Lately, I’ve been missing my mom. It’s not as though that's unusual. It’s just that recently, I’ve had things I wanted to share with her and questions I wanted to ask.
Some things are rather trivial, the minutiae that made up many of our phone conversations. Like the new backsplash in our kitchen. One out of three Hesses gives it an enthusiastic thumbs up (that would be me), one is underwhelmed and the third is trying not to say anything, which actually says it all.
I wish my mom could see it. She’d be as excited as I am about all the little details—how shiny it is, how the grout matches the tile, how it makes my little kitchen look a bit more spacious. My mom was all about those kinds of updates, and turning any house she lived in into the home she wanted to inhabit.
And then there’s the parenting of a young adult daughter. I wish I could talk to her about how she felt when my sister and I struck out on our own, how she made the transition from parenting us to guiding us to letting us live our own lives -- all things I thought I was doing pretty well until lately. It’s not as though I'm struggling with enormous, life-changing questions. It’s just that there's no one who understands the process better than another mother, particularly the one who knew me so well.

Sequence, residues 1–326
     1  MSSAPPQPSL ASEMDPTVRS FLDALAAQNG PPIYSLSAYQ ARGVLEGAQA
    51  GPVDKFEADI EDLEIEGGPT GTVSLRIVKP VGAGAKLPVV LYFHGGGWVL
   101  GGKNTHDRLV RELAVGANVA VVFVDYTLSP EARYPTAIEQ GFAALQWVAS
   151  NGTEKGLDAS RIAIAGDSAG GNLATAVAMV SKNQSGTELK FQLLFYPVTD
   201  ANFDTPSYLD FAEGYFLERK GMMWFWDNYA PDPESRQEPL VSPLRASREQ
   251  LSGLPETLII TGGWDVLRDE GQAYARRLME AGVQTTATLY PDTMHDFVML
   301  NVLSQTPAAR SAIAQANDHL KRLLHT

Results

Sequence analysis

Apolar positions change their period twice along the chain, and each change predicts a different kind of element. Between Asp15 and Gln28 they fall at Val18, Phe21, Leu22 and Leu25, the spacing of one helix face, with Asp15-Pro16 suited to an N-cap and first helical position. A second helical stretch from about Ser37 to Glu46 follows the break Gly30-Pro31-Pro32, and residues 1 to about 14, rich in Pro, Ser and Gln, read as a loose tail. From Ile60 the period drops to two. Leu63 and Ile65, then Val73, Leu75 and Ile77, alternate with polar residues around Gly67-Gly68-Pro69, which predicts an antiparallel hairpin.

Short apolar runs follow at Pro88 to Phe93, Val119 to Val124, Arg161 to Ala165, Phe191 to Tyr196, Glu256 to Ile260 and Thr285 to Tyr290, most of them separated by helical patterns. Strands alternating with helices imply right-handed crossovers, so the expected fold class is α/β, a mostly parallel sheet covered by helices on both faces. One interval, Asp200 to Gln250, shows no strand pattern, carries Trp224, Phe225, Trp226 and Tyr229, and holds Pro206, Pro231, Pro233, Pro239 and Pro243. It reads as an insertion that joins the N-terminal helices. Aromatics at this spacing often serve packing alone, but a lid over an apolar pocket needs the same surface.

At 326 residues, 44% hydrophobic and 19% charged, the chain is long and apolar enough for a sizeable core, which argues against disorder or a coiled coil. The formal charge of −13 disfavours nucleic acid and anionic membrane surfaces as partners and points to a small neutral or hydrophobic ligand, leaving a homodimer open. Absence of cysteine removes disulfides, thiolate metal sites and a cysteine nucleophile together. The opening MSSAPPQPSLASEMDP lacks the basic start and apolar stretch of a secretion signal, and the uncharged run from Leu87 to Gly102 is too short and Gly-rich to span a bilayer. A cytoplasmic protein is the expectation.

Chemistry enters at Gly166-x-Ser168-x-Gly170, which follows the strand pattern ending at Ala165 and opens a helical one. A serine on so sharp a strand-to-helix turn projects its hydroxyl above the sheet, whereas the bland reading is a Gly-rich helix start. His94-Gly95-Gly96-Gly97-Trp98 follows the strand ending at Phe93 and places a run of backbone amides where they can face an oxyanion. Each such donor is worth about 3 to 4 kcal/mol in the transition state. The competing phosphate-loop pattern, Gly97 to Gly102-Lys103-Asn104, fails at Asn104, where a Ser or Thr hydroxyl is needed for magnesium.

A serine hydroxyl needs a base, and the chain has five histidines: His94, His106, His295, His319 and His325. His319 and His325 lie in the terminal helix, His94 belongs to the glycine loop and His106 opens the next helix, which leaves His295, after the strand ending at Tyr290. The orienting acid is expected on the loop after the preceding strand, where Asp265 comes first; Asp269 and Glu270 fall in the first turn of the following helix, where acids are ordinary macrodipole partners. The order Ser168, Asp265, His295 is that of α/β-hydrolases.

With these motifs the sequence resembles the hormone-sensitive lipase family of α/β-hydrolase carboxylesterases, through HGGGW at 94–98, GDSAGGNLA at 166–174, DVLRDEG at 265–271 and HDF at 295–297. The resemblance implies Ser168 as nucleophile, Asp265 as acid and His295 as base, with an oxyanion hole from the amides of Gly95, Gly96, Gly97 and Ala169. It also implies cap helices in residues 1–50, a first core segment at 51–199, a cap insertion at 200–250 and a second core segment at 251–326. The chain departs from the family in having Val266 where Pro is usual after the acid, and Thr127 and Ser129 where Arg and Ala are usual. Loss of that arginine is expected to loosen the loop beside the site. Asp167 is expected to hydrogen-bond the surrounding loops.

My mom didn't handle things perfectly, which is something I need to remind myself when I put my foot in my mouth, struggle to find my footing, or strike an appropriate balance among my head, my heart, and my mouth. As I recall--from my side of relationship, anyway--my mom had those struggles, too and, although we annoyed each other from time to time, neither of us loved the other any less because of it.
Clearly, her lessons live on. It's just that there are things I'd like to ask her now, things I didn't know to ask her when I was in my 30s and 40s. I miss her reassurances (though my daughter's way of saying everything by saying nothing is a bit reminiscent of her grandmother) and the feeling that she always had my back. And while people so often say they'd give everything for just one more conversation with someone, no one conversation could possibly be long enough.
But I would like to hear her voice again. And I'd really like to show her my backsplash.